﻿ GED Science Practice Test: Evaluating Scientific Findings | Open Window Learning
Analyzing and Evaluating Science Findings

# GED Science Practice Test: Evaluating Scientific Findings

The process of finding patterns and trends, as well as the process of explaining outliers leads scientists to draw conclusions about their data, as you saw above.  However, scientists must evaluate how strong their conclusions are.   Part of this process involves the scientist critiquing his or her experimental procedures, data collection methods, method of finding patterns in the data, and the fit of the conclusions with existing knowledge of the topic.

One feature that characterizes science is the public scrutiny of experiments.  Scientists critique other scientists’ experiments, as well as their own.  This process ensures that several different people, with several perspectives, consider conclusions drawn from experiments.  This process is not only there to catch mistakes and flaws, but to strengthen and richen the process of analyzing data.  Scientists with different experiences might view the meaning of data in different ways.  Additionally, scientists might try to replicate an experiment that another scientist has done to see if the results can be replicated.  These types of studies, meant to confirm the results of experiments, can serve to strengthen conclusions from those experiments.  If a scientist cannot replicate the results of an experiment, it is possible that the experimental procedure is flawed, lacking reliability or validity. Experiments that pass scrutiny from other scientists add to and strengthen the base of scientific knowledge.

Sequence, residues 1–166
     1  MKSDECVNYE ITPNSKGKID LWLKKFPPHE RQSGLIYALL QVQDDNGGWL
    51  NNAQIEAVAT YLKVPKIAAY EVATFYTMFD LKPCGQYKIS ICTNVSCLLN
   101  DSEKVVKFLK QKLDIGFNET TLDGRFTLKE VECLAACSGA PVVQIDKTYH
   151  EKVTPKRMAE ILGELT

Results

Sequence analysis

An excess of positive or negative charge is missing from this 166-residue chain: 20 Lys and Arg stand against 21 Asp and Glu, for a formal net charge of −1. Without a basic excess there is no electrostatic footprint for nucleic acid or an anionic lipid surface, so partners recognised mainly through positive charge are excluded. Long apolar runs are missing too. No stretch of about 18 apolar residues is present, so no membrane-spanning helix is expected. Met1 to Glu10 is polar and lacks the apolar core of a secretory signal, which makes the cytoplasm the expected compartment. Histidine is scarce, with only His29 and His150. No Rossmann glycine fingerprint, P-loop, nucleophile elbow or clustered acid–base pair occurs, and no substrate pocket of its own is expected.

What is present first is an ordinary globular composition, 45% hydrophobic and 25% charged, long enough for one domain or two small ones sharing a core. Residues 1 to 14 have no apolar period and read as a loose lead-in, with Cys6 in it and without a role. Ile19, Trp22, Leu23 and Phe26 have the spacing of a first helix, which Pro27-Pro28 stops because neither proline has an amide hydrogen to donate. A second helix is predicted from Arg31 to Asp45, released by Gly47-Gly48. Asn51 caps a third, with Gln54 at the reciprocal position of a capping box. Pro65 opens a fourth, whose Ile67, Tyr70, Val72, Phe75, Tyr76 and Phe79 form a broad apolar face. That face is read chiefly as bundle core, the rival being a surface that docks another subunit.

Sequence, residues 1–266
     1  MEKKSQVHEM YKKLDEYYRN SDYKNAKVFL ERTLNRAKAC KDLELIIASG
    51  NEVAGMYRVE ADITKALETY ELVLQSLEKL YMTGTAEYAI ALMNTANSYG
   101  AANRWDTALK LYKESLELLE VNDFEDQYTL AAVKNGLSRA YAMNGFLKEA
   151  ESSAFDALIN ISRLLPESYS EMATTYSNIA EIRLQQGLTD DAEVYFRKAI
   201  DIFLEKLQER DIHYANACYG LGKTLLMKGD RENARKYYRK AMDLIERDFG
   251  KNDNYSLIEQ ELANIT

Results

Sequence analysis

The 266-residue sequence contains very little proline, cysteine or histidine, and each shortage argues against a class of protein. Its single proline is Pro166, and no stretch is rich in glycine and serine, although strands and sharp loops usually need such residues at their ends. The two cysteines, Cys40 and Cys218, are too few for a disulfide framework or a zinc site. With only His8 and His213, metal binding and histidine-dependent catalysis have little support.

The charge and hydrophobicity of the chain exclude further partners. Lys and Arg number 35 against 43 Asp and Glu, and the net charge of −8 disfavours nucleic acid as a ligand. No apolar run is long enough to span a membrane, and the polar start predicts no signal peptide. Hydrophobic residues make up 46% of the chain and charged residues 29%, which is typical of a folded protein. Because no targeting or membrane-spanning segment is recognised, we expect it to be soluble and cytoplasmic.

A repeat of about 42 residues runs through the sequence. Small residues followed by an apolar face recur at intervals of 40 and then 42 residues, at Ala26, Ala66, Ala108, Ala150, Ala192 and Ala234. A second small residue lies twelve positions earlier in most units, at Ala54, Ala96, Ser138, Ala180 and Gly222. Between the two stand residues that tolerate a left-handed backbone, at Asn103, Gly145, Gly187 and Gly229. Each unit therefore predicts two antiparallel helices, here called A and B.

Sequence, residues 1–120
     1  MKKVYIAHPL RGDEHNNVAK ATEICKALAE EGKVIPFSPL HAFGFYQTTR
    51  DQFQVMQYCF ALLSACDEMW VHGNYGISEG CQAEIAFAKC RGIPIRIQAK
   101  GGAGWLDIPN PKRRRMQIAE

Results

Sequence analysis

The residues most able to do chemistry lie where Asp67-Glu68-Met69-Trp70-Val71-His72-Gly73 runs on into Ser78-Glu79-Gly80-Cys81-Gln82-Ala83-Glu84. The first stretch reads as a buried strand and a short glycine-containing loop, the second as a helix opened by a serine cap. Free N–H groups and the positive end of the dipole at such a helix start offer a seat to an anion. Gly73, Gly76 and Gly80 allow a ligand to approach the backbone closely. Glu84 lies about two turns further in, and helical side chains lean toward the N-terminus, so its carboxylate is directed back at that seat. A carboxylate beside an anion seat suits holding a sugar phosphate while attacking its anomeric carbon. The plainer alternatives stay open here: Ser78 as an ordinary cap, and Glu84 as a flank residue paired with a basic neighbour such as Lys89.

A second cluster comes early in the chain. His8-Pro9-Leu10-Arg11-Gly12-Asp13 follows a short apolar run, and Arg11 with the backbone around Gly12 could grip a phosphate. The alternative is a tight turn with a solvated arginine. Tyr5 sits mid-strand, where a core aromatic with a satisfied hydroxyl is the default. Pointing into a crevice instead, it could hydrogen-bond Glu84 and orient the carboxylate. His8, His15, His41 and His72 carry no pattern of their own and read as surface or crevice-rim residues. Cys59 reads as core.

For example, pretend that you were a scientist who was asked to view the following graph showing the results of a bird feeding experiment to determine which type of bird food was most popular:

The scientist who conducted this experiment concluded that corn is the most popular type of bird seed.  You might think of critiquing this experiment by asking the following questions:

• Did you have any measure of how long the birds stayed at each type of seed? Is it possible that the few birds who stayed at the suet stayed longer and ate more seeds?
• Were the bird feeders of equal size? Smaller feeders might discourage larger numbers of birds?
• Were the birds of equal size? For larger birds, the amount of space on a feeder is limited compared to smaller birds.
• Were the birds observed at each feeder the same species of bird? Is one species more abundant in this part of the world?  Would a scientist in a different part of the world get similar results (a replication study)?
• What time of year did you conduct this test? Would the results vary with the time of year?

This is a good example of a scientist being able to draw a reasonable conclusion from the data (corn is the most popular bird seed).  However, assuming that the scientist had not considered the elements of the above questions, he or she might not have a strong conclusion that would generalize to other situations.  In addition to this public scrutiny, the strength of the conclusion could be tested with replication experiments.

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